Carlyle Raises $540M For European Fund After Long, Hard Road To Recovery
Private equity giant Carlyle has raised €478M ($541M) for a new European real estate fund, its first on the continent since before the financial crisis.
Results for the Washington, D.C.-based firm founded by David Rubenstein, Bill Conway and Daniel D'Aniello show that it raised €269M for the Carlyle Europe Realty Fund during the third quarter, taking it close to its equity target of €500M.
Completing an equity raising for a European real estate fund will be a big moment for Carlyle. It is a giant in the worlds of corporate buyouts and U.S. real estate. In September it raised its largest-ever U.S. property fund, the $5.5B Carlyle Realty Partners VIII.
But European real estate has been a problem for the firm with global ambitions, and it lags well behind rivals like Blackstone, Brookfield, Lone Star, Morgan Stanley and Goldman Sachs when it comes to raising capital to be deployed in European property.
That is because of the ill-fated investments it made in the run up to the last boom. In 2005 it raised €762M ($862M) for its second European real estate fund, and in 2007 it raised €2.2B for its third.
As of the end of September the second fund had a negative internal rate of return and the third fund had an IRR of just 5%. While some investments Carlyle made were sold at a profit in the past couple of years, like the student accommodation portfolio Pure Student and several trophy London office buildings, many of the investments it made were highly leveraged at the wrong point in the cycle. For some time it looked like both of these funds might not give any equity at all back to investors.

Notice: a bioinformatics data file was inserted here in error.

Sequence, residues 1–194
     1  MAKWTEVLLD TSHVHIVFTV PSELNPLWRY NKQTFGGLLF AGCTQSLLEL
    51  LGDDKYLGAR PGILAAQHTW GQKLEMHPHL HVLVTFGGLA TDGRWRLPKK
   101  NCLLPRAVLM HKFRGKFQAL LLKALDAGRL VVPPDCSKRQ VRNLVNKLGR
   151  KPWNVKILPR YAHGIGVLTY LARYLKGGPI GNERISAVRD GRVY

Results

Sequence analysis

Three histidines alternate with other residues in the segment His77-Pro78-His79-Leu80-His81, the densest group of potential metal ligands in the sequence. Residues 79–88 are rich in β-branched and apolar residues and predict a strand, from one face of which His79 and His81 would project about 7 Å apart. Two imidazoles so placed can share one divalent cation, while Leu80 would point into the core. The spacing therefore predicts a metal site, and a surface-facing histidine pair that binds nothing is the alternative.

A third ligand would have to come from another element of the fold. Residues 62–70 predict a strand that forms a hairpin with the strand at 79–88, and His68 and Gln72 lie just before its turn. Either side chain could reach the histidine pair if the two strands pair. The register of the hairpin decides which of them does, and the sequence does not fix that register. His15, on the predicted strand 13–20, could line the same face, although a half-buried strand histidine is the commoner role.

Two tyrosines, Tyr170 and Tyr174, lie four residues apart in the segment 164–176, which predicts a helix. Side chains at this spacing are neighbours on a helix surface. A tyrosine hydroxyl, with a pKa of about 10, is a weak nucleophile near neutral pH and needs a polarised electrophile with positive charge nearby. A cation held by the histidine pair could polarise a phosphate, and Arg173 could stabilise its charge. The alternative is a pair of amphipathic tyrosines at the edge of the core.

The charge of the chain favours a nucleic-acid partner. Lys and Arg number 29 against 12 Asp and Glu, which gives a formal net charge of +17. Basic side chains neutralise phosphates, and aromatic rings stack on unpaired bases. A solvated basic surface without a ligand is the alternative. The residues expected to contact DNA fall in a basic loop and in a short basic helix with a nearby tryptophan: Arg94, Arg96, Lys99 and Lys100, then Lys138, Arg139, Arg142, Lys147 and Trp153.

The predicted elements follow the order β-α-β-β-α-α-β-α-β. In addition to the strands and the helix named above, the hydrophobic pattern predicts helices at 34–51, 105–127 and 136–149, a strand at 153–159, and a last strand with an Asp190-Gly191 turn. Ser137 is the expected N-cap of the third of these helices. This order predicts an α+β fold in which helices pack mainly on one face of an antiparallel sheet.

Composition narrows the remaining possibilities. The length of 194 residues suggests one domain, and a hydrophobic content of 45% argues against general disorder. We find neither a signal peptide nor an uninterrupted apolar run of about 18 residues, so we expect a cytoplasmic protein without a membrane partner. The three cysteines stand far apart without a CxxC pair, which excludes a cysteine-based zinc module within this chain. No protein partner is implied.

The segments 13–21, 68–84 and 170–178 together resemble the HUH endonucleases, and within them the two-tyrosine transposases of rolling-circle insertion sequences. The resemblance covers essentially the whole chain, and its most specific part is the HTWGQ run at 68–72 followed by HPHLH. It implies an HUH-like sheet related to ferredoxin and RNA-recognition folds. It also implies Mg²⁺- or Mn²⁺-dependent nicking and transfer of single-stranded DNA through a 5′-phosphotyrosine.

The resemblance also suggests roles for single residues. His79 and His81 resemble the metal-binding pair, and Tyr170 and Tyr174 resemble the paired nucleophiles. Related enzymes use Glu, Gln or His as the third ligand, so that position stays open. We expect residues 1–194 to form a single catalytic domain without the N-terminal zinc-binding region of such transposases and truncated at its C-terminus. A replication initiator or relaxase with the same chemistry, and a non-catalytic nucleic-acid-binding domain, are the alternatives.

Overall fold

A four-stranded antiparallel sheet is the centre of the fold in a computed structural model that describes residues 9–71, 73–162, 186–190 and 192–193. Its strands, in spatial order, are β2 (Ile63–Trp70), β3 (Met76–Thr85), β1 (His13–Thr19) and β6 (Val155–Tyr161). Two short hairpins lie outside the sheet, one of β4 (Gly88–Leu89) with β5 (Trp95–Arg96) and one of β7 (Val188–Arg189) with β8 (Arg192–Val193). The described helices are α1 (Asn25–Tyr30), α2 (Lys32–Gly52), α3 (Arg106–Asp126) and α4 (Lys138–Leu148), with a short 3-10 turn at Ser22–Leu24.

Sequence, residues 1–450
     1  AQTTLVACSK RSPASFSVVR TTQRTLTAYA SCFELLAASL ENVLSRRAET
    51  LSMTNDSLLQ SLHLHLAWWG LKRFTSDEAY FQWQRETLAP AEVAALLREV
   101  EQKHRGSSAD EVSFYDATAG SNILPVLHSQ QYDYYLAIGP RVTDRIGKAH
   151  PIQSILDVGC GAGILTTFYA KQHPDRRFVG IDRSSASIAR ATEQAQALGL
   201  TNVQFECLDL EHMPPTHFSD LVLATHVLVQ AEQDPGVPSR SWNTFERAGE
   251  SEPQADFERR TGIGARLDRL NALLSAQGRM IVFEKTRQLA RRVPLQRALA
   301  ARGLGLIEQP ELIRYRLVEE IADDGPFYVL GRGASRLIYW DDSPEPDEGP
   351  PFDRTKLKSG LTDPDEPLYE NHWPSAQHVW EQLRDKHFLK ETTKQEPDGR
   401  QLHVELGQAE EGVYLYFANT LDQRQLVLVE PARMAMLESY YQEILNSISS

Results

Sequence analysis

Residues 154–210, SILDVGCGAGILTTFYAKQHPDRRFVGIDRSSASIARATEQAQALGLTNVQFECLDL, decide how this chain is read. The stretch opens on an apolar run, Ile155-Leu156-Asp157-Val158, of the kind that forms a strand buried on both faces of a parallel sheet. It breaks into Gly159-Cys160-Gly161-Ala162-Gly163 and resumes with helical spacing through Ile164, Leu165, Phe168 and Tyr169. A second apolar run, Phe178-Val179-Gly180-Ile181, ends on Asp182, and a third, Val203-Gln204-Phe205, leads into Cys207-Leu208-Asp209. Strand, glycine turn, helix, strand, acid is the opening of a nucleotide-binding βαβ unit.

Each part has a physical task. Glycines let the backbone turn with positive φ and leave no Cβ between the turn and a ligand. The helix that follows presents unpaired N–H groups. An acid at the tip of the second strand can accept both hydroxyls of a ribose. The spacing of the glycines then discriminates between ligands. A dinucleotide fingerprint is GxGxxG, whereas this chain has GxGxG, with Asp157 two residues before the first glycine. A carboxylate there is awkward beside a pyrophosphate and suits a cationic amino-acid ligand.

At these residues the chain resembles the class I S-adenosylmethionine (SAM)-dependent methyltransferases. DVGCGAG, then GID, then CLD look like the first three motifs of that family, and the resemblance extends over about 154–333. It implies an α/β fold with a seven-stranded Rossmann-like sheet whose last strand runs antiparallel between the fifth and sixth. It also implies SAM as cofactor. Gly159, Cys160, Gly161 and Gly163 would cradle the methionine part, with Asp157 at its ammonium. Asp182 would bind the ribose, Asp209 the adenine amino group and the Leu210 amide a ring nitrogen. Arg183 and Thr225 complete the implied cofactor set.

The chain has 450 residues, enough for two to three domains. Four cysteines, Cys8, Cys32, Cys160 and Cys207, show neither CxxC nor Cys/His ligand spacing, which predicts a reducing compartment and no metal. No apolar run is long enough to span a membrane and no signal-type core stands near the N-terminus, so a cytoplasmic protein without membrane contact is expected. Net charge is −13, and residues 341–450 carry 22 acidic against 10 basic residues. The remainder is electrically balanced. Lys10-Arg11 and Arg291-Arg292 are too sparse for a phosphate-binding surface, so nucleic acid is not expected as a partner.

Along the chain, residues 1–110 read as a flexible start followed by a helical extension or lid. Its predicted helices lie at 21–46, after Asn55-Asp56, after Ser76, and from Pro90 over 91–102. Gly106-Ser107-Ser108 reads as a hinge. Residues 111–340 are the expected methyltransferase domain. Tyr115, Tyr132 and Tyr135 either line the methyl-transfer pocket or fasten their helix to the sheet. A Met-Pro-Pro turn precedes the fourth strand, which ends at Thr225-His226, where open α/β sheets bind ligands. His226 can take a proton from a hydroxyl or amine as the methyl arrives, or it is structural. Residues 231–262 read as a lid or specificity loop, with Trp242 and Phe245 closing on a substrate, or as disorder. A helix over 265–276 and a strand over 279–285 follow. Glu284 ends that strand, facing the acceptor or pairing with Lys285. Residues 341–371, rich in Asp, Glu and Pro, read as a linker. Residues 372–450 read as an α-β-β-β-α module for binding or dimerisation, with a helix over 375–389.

Carlyle brought in a new European management team, hiring three well-known Blackstone directors in 2015 and 2016 — Peter Stoll, who runs the business, Marc-Antoine Bouyer and Anssi Halonen. While managing the legacy portfolio, they also started targeting new investments.
Carlyle put its own money at risk to rebuild the European business. It did not have any fund equity so it used its own balance sheet to buy assets and rebuild its track record, putting its money up alone or alongside joint venture partners.
It focused on three areas: European logistics, where it has invested more than €200M ($226M) in the past two years, Berlin residential and London coworking. In the latter sector it bought a brand called Uncommon and bought assets for its occupation, and committed to spending more than £150M ($191M) in the sector.
The strategy seems to have worked, if the recent fundraising for Carlyle Europe Realty is anything to go by.
It has not been released whether these assets will be used to seed the fund. But it is already buying assets directly with the equity raised. It paid €30M for a 207-room student accommodation development in Dublin last month.
And Bisnow can reveal its next acquisition. According to an EU competition commission filing, Carlyle Europe Realty is buying the Penha Longa Resort in Portugal, a luxury hotel with 194 rooms, a golf course and a spa, part of which is built into a 14th century monastery. It is currently run by Ritz-Carlton.
Carlyle declined to comment.